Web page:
Of course, decorative painting is not limited to walls. Enhancing the look of kitchen cabinets with painting techniques has long been popular. "We've always done work on cabinets," says Valley Craftsmen's Robinson. "The simplest application of the painted finish would be the wiped glaze." For instance, cabinets could be painted an off-white color, then topped with a complementary shade of semi-transparent glaze, sometimes called a drag finish. "You're left with a residue of the deeper transparent color," Robinson explains. "It gives you subtle texture and collects in the crevices of moldings and accents them."
More elaborate decorative painting applications on cabinetry include glazing with two colors, striping, crackling, antiquing, and painting or stenciling them with special motifs. "Any aesthetic inspiration that's driving the design of the kitchen can be referred to in the design of the cabinetry," says Robinson.
Boss, who also does hand painting on furniture, looks to old pattern books for inspiration. She recently embellished a drawer front with a floral motif dating back several hundred years.
Cunningham has painted faux wood inlays on doors and floors. Yes, faux finishing can even be used on floors—either by painting directly on them, or with decorative floorcloths. Once made out of old sails to protect expensive carpets, Ketteran explains, floorcloths tend to be made out of heavy canvas treated with durable paint and sealer. They can be painted to look like tile, Oriental carpet, or a custom design, and are generally used in entryways, kitchens, or any high-traffic area. Since they can be easily wiped off with warm water, floorcloths are especially useful in households with children and pets.
Larger than Life
Murals are another faux-painting application that's hot right now. While they're especially popular in children's rooms, murals go way beyond the fairy-tale themed nursery.
"Most of my jobs are in dining rooms, foyers, living rooms—spaces that people want to make look special," says Ketteran, who specializes in murals. She is currently working on an entryway mural that's a series of panels. "It's a little more sophisticated to break it up into panels, or doing something just above a chair rail, rather than doing a floor-to-ceiling mural," she says. "A good muralist can walk into the space and tell you what's going to work." Ketteran adds that a mural shouldn't take over the room, but rather complement the space and become part of the surroundings. Murals can, and often do, go hand-in-hand with other decorative painting techniques. "A faux finish and a mural can work together beautifully," she says.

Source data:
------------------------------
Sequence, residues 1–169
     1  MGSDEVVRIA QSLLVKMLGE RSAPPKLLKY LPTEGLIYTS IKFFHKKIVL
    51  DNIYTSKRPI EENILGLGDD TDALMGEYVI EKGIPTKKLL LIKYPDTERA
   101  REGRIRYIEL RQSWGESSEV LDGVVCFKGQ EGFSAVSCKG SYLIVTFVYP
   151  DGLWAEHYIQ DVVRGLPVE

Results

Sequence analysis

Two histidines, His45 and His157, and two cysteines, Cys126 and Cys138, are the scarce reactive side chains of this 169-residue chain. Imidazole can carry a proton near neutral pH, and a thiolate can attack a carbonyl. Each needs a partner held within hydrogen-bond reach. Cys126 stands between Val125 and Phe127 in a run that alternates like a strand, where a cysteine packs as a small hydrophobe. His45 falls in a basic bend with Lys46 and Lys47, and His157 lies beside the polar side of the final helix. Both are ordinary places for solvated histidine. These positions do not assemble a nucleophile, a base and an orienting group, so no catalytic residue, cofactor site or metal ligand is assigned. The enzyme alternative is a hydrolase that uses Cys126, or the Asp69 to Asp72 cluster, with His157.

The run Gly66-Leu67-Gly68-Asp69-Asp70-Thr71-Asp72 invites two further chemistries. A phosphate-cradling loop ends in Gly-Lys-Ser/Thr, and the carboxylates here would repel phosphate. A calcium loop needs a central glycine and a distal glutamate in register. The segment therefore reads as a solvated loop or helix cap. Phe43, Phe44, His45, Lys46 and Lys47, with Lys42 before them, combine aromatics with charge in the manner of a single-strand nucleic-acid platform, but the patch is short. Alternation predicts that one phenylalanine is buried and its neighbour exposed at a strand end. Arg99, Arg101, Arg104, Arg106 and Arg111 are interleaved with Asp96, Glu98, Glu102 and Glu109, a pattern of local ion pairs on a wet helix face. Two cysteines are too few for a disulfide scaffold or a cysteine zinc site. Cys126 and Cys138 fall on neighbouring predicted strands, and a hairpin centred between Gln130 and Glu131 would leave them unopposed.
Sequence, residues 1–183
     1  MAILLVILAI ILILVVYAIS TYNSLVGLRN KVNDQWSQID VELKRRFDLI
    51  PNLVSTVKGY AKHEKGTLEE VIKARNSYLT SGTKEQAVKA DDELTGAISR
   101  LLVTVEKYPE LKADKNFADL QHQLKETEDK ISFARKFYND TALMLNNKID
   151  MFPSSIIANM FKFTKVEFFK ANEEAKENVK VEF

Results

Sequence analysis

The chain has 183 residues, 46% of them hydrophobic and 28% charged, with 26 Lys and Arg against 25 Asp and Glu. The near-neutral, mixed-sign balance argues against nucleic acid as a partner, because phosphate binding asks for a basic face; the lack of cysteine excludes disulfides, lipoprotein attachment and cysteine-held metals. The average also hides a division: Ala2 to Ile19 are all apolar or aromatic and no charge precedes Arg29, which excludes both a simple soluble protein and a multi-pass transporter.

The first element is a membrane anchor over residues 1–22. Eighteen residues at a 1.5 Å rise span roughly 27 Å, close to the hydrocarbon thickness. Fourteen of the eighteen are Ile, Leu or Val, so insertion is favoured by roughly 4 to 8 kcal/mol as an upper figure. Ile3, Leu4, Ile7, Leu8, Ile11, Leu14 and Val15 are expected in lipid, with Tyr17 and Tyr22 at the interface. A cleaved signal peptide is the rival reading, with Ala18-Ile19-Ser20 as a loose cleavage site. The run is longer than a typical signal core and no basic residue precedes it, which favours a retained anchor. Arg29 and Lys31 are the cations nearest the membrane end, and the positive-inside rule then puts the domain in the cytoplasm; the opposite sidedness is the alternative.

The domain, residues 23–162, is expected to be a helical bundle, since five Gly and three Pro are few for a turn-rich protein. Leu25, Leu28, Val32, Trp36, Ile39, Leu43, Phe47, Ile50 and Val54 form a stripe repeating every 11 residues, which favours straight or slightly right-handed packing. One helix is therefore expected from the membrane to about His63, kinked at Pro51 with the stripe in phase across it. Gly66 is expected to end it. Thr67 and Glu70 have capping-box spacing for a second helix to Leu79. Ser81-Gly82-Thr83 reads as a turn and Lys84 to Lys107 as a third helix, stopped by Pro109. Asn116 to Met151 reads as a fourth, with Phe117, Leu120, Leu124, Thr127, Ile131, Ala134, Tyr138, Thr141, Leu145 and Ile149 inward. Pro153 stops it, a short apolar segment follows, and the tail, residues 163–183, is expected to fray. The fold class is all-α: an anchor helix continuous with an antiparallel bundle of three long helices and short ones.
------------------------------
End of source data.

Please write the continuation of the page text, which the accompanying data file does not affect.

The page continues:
Ketteran does not paint directly on the wall, instead painting her murals on muslin. The completed mural is installed by paperhangers, similar to hanging wallpaper. The benefits to this painting technique are that it's less intrusive to the homeowner (since Ketteran works in her studio rather than in their home) and the mural can be removed and rehung if the homeowner moves.
Trompe l'oeil—French for "fool the eye"—is a specialty within mural-painting. Practitioners of this technique, like Cunningham, use a much higher level of detail to create a realistic-looking, three-dimensional image—say, a fake window, or a niche in a dining room wall. A trompe l'oeil plaster carving might add dimension and architectural interest to a room, or replicate a historical feature that would be otherwise unavailable.
Hiring a Faux Painter
The cost of faux finishing varies widely. It depends on such factors as whether you hire a firm or an individual, the craftperson's experience and training, the complexity of the technique, the cost of the materials, and even the location of the painting. Some faux painters charge more to work on awkward spaces like ceilings, which may require them to rent scaffolding. Some charge by square footage, and some charge by hourly rate.
Higher-end finishes like gilding, wood grain, Venetian plaster, and trompe l'oeil cost more to do because there are more steps involved, Boss explains. "Wood grain generally involves four to five steps or more." With murals, the level of detail will likely affect the cost.
No matter what type of faux finish you're after, Ketteran urges potential clients to seek out a trained professional. Adds Cunningham, "An artist's experience goes into pricing. As an artist you have to be constantly working on your craft and honing it." Says Robinson, "[Faux finishing] is for folks who can afford to add that extra level of imagination."